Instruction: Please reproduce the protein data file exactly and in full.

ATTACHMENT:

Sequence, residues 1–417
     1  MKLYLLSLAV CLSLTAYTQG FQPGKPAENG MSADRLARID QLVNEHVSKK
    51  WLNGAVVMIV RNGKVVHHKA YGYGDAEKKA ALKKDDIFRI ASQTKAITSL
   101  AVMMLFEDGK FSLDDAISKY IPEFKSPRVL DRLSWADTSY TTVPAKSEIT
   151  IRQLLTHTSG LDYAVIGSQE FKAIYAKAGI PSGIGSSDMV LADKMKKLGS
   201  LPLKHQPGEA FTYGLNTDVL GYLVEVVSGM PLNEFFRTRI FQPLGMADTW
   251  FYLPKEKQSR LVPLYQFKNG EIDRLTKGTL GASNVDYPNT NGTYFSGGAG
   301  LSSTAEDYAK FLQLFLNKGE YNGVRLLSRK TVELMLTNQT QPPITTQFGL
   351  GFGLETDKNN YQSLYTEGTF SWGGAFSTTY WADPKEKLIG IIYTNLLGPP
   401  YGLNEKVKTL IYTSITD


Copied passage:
Sequence, residues 1–417
     1  MKLYLLSLAV CLSLTAYTQG FQPGKPAENG MSADRLARID QLVNEHVSKK
    51  WLNGAVVMIV RNGKVVHHKA YGYGDAEKKA ALKKDDIFRI ASQTKAITSL
   101  AVMMLFEDGK FSLDDAISKY IPEFKSPRVL DRLSWADTSY TTVPAKSEIT
   151  IRQLLTHTSG LDYAVIGSQE FKAIYAKAGI PSGIGSSDMV LADKMKKLGS
   201  LPLKHQPGEA FTYGLNTDVL GYLVEVVSGM PLNEFFRTRI FQPLGMADTW
   251  FYLPKEKQSR LVPLYQFKNG EIDRLTKGTL GASNVDYPNT NGTYFSGGAG
   301  LSSTAEDYAK FLQLFLNKGE YNGVRLLSRK TVELMLTNQT QPPITTQFGL
   351  GFGLETDKNN YQSLYTEGTF SWGGAFSTTY WADPKEKLIG IIYTNLLGPP
   401  YGLNEKVKTL IYTSITD